Is COVID-19 Australia’s Cue to Strengthen the Manufacturing Sector?

Is COVID-19 Australia’s Cue to Strengthen the Manufacturing Sector?


  • Manufacturing is a vital part of the economy and has survived several challenges
  • On the back of rebalances in its sectors, products, technologies, and supply chains, the industry has streamlined its stance
  • The current pandemic is propelling Australia to be self-reliant for its needs and demands and local manufacturing importance is garnering awareness
  • Australian-based businesses have the bright opportunity to ramp up domestic production with reduced exports, globally, and shift focus into niche businesses

In the current unpredictable times and volatile market conditions, a local manufacturing resurgence could give domestic players a fighting chance for survival.  

With countries depending on each other in the current contemporary times, sudden restrictions in overseas markets have caused an upheaval in the supply and demand dynamics. This has shed light on the fact that economies are missing out on domestic production and relying on imports.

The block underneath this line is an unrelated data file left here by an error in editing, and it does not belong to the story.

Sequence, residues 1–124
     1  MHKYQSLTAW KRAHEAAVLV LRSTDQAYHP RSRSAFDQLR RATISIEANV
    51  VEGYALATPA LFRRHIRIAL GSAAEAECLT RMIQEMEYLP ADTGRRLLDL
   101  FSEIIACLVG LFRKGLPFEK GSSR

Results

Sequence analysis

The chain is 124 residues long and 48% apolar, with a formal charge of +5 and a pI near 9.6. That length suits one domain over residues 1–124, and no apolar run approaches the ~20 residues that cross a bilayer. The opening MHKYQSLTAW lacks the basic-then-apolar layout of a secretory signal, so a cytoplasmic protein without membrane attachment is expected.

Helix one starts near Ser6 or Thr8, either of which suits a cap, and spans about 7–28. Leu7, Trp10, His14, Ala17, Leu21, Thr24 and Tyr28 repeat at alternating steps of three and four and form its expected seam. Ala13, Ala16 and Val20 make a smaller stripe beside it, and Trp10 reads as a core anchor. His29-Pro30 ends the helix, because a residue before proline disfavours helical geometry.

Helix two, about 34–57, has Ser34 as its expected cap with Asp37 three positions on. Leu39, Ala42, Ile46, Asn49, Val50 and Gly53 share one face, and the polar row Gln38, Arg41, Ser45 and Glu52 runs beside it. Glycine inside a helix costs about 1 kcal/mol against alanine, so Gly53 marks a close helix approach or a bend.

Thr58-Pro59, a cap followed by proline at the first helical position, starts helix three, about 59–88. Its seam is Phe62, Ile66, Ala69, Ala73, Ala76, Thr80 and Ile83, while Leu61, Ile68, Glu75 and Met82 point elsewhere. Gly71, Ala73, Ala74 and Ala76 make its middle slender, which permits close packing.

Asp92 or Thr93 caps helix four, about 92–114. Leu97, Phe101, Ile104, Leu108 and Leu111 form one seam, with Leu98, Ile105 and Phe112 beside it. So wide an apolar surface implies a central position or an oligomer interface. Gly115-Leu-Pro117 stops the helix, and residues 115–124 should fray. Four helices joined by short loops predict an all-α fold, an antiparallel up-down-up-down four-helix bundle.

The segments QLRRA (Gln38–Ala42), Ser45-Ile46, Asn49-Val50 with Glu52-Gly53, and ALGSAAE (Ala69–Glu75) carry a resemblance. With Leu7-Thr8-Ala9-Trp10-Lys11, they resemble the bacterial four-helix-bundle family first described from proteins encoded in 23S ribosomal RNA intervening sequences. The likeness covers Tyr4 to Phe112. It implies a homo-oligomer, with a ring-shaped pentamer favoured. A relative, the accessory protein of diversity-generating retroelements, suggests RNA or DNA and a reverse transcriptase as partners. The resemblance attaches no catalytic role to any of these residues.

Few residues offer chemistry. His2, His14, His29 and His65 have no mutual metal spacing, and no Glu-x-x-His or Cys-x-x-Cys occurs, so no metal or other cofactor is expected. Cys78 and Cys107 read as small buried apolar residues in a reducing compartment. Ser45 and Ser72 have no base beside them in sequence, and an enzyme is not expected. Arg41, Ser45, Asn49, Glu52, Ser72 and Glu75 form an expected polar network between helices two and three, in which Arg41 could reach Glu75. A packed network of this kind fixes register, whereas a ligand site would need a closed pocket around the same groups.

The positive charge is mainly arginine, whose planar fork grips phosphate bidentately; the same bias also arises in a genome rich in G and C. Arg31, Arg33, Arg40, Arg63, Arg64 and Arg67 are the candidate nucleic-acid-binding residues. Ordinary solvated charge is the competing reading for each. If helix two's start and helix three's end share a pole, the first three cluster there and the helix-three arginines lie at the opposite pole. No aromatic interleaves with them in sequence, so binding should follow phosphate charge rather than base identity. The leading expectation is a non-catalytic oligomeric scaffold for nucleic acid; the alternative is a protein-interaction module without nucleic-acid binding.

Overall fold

The COVID-19 crisis brought along an unexpected demand for medical supplies and other products, and with border restrictions, uncovered the over-dependence of Australia on supply chains of other economies.

Australian Manufacturing- An Overview

Manufacturing is a process that changes materials, substances, or components into new products.

Manufacturing is a vital part of the Australian economy, employing approximately a million people. According to a report released by The Australian Industry Group (Ai Group) in May last year, manufacturing is Australia’s seventh largest industry for employment and sixth largest for output. It accounts for 11% of annual export earnings and has the highest business expenditure on R&D of any industry.